If one member suffers, all suffer together with it; if one member is honored, all rejoice together with it.
1 Corinthians 12:26 (NRSV)
You know the question – How old are you?
You got the answer – Old enough to know better.
At my age I should know better, but I don’t! I keep making the mistake of forgetting my body needs water. When there’s a lot to be done in the yard I will sometimes work the whole day without resting. Even in 90-degree temperatures, I will bury myself in the task, neglecting my need for fluids. And without fail my body lets me know about my foolishness…eventually!
Here’s the picture: Russell is sitting comfortably after a much needed shower and meal. The TV is on, but Elizabeth cannot hear over the snoring. The blissful moment of an unintended nap is swallowed by a tsunami of pain in the left thigh muscle as Russell is suddenly awakened and catapulted-out of the overstuffed chair by a tidal wave of leg cramp. Yeeeow! Talk about the whole body suffering with one of its members!
There are usually two kinds of reactions to what you just read:
1. Oh, get over it, sissy-boy; you brought that on yourself! If you had any sense you would’ve been drinking enough water today.
2. Oh, my poor, poor child; let me get the liniment – you sit here, while I get you another piece of pie.
There are times when we need both reactions – but you KNOW which one we want!
In the church we have a tendency to do both kinds of reactions to the pain we see in others’ lives. When we see some self-inflicted poverty or drama, we sometimes have that knee-jerk judgment that smacks of told-you-so! Or worse, we just ignore the plight of our brother or sister in Christ, as if it’s too bothersome for our attention. Judgment and ignoring; let them handle their own mess!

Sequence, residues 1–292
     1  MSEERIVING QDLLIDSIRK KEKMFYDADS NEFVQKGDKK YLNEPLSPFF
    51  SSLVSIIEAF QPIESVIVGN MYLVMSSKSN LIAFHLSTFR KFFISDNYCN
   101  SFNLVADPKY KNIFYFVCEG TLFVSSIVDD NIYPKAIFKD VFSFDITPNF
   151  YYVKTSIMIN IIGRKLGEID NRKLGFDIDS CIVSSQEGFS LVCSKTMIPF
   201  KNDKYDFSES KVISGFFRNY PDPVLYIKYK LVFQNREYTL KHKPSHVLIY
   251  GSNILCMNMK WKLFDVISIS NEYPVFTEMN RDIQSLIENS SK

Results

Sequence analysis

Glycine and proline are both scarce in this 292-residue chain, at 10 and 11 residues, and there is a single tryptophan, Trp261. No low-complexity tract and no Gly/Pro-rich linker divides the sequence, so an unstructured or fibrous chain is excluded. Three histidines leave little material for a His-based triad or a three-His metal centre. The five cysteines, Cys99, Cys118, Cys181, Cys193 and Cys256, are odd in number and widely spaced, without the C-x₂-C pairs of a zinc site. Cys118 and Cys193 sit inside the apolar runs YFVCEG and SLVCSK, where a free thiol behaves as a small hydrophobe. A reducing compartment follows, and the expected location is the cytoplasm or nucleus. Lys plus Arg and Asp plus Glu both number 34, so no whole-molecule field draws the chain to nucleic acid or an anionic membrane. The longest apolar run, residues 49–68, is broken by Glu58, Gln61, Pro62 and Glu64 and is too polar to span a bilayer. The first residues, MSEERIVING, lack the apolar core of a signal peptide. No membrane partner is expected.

There is also the other reaction – naïve over-kindness that is willing to move heaven and earth to rescue anyone and everyone, no matter the cost to life, limb or bank account.
Neither is Christ like!
Jesus never ignored people; he healed them, but He always did so with accountability. There was always a purpose with the power. To the woman caught in adultery, he forgave without accusing (judging), but he did say “…go, and sin no more”. To the leper he healed; then he told him to show himself to the authorities (the accountability of declaring “I was impure; Jesus made me clean”.). In every instance where Jesus helped someone, he tied it to the community and living as a wholesome part of that community.
Jesus was showing us how to live as a body – not disconnected, uninterested, autonomous body parts, dangling in our own agendas and selfishness. And we are to be a strong body – not willing to squander the power he has promised, but purposefully using his name to overcome evil in this world.
More pie theology?
Or will it be strong body of Christ theology today?